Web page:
What Parents Can Do<p>Parents should ask for and receive frequent updates from schools about plans for the fall. They should also be informed about plans if and when COVID infections are identified, Sharfstein said.</p><p>"I'd like to see parents investing now, during the summer, in doing things that can slow and stop the spread of the virus in their communities," Widome said.</p><p>"Now is a good time for kids to practice wearing masks and get used to them as they may be wearing them for longer stretches if school starts up in person," Widome suggested.</p><p>She recommends parents try different mask designs and materials to see what children are more comfortable wearing.</p><p>"If you are using cloth face coverings, it's good to have extras on hand," Widome added.</p><p>Parents should model healthy behavior at home and while out in public — another thing that could affect how well children adapt to reopening practices, Sorensen said.</p><p>"Children may want to know more about face coverings," added <a href="https://www.linkedin.com/in/leescott/" target="_blank">Lee Scott</a>, chairwoman of the Educational Advisory Board at <a href="https://www.goddardschool.com/" target="_blank">The Goddard School</a>. "Dramatic play, such as creating or wearing a face covering, may help some children adjust to this concept." Schools can also show children photos of what faculty members look like in their masks so the students are familiar with that appearance.</p><p>Johns Hopkins University recently released its eSchool+ Initiative, a slew of resources surrounding education during the pandemic. These include a <a href="https://equityschoolplus.jhu.edu/reopening-checklist/" target="_blank">checklist for administrators</a>, report on <a href="https://equityschoolplus.jhu.edu/ethics-of-reopening/" target="_blank">ethical considerations</a>, and a tracker of <a href="https://equityschoolplus.jhu.edu/reopening-policy-tracker/" target="_blank">state and local reopening plans</a>.</p>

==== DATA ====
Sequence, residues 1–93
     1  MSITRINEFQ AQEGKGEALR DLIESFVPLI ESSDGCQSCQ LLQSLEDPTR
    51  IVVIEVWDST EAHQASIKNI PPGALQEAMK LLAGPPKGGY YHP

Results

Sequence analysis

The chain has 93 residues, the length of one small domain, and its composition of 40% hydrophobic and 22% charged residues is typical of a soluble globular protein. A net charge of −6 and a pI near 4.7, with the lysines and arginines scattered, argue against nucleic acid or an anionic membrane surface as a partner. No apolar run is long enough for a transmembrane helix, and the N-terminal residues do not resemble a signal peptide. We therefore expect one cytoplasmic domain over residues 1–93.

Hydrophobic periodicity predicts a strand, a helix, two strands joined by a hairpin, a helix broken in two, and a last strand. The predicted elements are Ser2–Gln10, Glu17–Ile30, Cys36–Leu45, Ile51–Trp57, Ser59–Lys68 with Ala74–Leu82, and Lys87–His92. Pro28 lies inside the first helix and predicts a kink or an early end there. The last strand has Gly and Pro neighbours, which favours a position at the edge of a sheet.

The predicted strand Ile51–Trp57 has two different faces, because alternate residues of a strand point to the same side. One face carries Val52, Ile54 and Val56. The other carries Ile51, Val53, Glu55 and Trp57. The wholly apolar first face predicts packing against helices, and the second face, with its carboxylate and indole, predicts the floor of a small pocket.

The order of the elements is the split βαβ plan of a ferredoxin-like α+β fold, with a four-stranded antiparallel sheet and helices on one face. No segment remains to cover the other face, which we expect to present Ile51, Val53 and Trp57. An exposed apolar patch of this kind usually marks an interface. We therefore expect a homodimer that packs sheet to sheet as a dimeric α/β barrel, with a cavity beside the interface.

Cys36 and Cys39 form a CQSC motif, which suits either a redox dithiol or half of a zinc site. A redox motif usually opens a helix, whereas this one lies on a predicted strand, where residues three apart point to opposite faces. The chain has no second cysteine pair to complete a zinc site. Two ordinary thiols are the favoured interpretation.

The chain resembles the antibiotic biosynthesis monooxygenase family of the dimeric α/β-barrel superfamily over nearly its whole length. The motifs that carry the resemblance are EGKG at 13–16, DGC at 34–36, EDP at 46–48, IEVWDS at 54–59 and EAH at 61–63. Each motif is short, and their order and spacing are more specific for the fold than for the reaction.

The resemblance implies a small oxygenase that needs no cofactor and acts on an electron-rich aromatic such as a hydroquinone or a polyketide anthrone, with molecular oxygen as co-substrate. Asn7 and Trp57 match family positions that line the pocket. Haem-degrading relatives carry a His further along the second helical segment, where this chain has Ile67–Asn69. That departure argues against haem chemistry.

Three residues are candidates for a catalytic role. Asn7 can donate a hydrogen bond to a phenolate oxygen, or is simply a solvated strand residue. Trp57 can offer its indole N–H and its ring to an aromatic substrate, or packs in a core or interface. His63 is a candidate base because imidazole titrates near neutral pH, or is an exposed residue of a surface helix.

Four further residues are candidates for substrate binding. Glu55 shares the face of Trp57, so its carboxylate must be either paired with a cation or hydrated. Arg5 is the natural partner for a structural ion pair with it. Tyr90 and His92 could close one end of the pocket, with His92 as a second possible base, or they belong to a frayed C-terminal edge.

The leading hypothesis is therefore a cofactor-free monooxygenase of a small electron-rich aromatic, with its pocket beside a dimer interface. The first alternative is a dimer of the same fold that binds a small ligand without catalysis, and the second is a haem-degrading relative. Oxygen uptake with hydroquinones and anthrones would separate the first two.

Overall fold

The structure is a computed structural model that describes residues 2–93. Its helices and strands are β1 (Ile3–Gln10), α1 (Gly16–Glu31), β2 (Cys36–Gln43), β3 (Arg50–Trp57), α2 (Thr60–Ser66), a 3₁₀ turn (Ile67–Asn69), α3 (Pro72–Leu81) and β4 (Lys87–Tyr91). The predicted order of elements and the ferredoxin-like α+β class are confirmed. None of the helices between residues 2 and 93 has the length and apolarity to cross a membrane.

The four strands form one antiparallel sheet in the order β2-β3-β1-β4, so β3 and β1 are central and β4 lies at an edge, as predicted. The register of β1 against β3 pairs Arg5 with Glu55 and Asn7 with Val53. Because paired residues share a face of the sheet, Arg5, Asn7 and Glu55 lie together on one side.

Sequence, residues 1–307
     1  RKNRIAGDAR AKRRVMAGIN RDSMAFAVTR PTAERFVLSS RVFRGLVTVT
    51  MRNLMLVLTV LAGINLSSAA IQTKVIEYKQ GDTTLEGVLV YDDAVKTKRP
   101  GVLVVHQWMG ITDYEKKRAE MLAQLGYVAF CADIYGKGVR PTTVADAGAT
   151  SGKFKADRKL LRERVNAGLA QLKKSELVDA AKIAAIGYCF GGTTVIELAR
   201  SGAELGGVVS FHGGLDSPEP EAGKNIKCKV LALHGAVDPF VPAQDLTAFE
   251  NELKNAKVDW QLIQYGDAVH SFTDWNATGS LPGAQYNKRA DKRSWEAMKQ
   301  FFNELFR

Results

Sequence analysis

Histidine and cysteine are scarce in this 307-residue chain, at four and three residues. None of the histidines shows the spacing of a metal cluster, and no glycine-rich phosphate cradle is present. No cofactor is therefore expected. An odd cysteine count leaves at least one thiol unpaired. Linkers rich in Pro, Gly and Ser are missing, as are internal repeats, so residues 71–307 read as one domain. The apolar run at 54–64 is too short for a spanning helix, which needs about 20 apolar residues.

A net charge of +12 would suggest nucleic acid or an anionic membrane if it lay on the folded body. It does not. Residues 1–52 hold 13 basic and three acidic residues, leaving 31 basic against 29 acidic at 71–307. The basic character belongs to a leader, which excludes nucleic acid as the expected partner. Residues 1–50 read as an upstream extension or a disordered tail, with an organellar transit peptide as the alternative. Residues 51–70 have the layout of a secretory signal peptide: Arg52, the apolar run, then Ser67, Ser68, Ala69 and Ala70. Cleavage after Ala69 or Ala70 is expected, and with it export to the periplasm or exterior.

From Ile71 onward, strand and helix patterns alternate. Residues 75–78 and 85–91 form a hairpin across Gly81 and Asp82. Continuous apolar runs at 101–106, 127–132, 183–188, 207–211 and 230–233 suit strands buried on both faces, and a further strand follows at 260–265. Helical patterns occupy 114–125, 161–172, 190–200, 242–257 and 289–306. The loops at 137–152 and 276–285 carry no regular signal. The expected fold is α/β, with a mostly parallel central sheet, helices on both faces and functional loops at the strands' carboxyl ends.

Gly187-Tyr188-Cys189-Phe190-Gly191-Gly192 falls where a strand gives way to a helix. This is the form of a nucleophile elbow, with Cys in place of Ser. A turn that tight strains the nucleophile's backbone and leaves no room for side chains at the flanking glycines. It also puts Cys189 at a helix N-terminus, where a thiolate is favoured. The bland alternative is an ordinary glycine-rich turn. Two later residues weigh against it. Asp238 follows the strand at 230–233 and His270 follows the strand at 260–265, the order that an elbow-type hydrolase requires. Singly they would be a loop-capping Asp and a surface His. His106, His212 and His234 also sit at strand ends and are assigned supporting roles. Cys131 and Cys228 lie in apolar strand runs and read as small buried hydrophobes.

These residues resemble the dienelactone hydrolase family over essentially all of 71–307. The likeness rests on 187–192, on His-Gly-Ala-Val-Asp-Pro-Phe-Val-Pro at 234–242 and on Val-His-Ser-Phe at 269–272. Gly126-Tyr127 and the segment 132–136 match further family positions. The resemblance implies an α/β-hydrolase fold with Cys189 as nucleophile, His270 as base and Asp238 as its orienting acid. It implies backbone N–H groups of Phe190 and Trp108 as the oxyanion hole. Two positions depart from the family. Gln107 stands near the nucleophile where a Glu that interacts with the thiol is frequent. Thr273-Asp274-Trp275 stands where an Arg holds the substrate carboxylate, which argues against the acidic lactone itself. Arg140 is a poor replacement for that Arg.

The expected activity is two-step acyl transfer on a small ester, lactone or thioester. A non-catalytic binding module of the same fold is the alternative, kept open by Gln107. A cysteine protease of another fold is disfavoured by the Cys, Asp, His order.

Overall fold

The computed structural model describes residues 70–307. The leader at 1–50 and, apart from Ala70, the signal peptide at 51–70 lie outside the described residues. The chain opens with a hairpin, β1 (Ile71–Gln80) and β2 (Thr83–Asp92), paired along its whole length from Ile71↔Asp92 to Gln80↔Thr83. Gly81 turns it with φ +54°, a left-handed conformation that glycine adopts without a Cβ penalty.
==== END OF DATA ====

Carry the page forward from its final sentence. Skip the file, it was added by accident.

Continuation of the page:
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By Eoin Higgins
Over 300 groups on Monday urged Senate leadership to reject a bill currently under consideration that would incentivize communities to sell off their public water supplies to private companies for pennies on the dollar.
<div id="fea63" class="rm-shortcode" data-rm-shortcode-id="9a6f211c2bc5aedd34837944cb8eeedf"><blockquote class="twitter-tweet twitter-custom-tweet" data-twitter-tweet-id="1281000111481294849" data-partner="rebelmouse"><div style="margin:1em 0">Water in Illinois is overwhelmingly public. Why is Tammy Duckworth sponsoring a bill that aims to change that? https://t.co/1V36Kkd99s</div> — The American Prospect (@The American Prospect)<a href="https://twitter.com/TheProspect/statuses/1281000111481294849">1594249201.0</a></blockquote></div>